Zebrafish have only been used as a model organism by a lot of labs in the last 15 years or so. In the 1970s, George Streisinger, a scientist at the University of Oregon, was interested in using a vertebrate model organism that was simpler than the mouse and easy to manipulate genetically.
As a tropical fish enthusiast, he chose the zebrafish, which is commonly found in pet shops and home aquaria. Streisinger’s colleagues in Oregon, amongst them Chuck Kimmel, were impressed with the ease of using the fish and for Kimmel the embryo was particularly attractive for studying nervous system development.
Since the mid 1990s, many more scientists have started using zebrafish as a model organism to study developmental biology. Currently there are at least 600 laboratories around the world that use zebrafish.
The big screens
A big step forward in the zebrafish field came when two large genetic searches for mutants were carried out in the early 1990s. One was led by Nobel prize winner Christiane Nüsslein-Volhard in Tübingen, Germany, and the other by Wolfgang Driever and Mark Fishman in Boston, USA. The identification of mutants is one of the most important strategies for the study of many areas of biology.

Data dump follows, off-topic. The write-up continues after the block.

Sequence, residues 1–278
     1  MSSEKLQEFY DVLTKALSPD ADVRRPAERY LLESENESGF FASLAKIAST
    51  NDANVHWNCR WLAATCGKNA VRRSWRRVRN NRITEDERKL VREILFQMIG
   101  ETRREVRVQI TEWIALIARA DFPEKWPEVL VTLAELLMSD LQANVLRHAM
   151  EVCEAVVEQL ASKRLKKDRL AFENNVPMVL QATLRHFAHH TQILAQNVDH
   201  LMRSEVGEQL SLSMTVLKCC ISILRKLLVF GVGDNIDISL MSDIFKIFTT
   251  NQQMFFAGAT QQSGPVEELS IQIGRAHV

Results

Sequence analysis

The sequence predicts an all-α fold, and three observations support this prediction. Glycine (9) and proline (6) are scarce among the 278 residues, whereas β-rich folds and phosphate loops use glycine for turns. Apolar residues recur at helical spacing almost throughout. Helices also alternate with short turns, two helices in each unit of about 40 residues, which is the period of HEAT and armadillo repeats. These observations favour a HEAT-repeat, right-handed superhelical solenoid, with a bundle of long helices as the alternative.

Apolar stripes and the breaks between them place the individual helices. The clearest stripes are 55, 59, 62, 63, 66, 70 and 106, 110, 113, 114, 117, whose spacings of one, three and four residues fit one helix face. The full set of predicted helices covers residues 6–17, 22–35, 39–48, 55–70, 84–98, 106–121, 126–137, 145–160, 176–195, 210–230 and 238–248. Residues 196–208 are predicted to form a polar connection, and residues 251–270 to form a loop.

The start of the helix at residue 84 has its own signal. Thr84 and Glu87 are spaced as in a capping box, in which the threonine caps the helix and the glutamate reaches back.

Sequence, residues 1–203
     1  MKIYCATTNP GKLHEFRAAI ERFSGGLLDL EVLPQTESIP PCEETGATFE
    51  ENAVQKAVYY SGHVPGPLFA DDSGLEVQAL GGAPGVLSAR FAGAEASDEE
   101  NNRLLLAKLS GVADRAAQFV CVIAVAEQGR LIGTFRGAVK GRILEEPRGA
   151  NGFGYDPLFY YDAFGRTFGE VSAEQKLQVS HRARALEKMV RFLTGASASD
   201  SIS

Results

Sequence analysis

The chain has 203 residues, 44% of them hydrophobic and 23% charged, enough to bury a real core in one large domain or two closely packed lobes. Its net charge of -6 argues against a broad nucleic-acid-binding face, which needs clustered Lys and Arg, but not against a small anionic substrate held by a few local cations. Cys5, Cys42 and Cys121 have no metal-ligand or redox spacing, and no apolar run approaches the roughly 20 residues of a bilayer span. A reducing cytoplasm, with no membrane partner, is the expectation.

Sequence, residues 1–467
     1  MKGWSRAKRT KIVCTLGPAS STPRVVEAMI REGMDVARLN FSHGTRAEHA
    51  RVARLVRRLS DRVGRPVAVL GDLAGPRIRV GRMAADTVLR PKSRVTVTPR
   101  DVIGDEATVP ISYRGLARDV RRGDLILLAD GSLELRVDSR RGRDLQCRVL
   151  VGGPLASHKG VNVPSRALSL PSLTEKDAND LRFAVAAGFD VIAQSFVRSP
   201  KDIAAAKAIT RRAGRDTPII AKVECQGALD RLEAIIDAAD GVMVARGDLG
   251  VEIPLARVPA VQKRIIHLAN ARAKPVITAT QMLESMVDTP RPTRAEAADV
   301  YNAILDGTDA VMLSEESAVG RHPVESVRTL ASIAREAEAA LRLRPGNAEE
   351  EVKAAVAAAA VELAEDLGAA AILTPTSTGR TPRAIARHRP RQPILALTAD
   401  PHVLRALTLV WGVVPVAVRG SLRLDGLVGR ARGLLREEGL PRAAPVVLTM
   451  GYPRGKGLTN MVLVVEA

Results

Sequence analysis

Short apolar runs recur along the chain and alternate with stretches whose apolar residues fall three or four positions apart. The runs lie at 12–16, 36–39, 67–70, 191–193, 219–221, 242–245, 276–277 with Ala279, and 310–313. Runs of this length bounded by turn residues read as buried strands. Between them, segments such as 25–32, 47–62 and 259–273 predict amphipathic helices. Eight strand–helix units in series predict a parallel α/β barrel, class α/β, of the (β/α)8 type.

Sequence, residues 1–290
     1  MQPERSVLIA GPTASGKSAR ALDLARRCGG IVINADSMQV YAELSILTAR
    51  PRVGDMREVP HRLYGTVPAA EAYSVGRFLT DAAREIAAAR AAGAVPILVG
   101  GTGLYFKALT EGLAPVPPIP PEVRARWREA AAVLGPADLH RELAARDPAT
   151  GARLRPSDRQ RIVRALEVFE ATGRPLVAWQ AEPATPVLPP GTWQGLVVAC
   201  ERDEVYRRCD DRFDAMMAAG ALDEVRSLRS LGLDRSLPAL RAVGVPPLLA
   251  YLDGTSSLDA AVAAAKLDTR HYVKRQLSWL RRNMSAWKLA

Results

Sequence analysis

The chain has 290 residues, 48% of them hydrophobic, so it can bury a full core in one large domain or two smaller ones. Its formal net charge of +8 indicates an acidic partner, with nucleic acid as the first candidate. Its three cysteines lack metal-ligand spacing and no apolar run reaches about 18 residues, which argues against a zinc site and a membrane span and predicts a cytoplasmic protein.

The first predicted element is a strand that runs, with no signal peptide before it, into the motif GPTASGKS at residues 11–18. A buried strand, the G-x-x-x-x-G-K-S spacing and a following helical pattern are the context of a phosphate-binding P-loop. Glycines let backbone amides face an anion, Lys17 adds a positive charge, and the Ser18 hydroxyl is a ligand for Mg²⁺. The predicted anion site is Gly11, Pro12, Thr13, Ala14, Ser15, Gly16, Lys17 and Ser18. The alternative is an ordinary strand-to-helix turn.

A mutation often provides the first insight into the role of the gene in normal development or in a healthy individual.
The screens looked at thousands of families of fish to find mutations that affected early development. In the end around 4000 mutants were identified, and the results were published in a single, mammoth issue of the journal Development in December 1996.
Scientists have spent many years since then working with the mutants that came out of the screens. And many more screens have been carried out in individual labs since then.
However, finding a mutant is just the first part of the story: you can see the effect of the mutation on the zebrafish embryo, but you do not know what gene is affected.
Sequencing the genome
Zebrafish researchers needed more genetic resources in order to understand and characterise the mutants further. The community got together to initiate the sequencing of the whole zebrafish genome, which began in 2001 at the Wellcome Trust Sanger Institute in Cambridge.
To date over 14,000 genes have been described in the zebrafish genome, and although sequencing is not fully complete, we have a working draft that has proved immensely useful to scientists around the world.
More information is available at the Wellcome Trust Sanger Institute zebrafish resources webpage (open in a new window).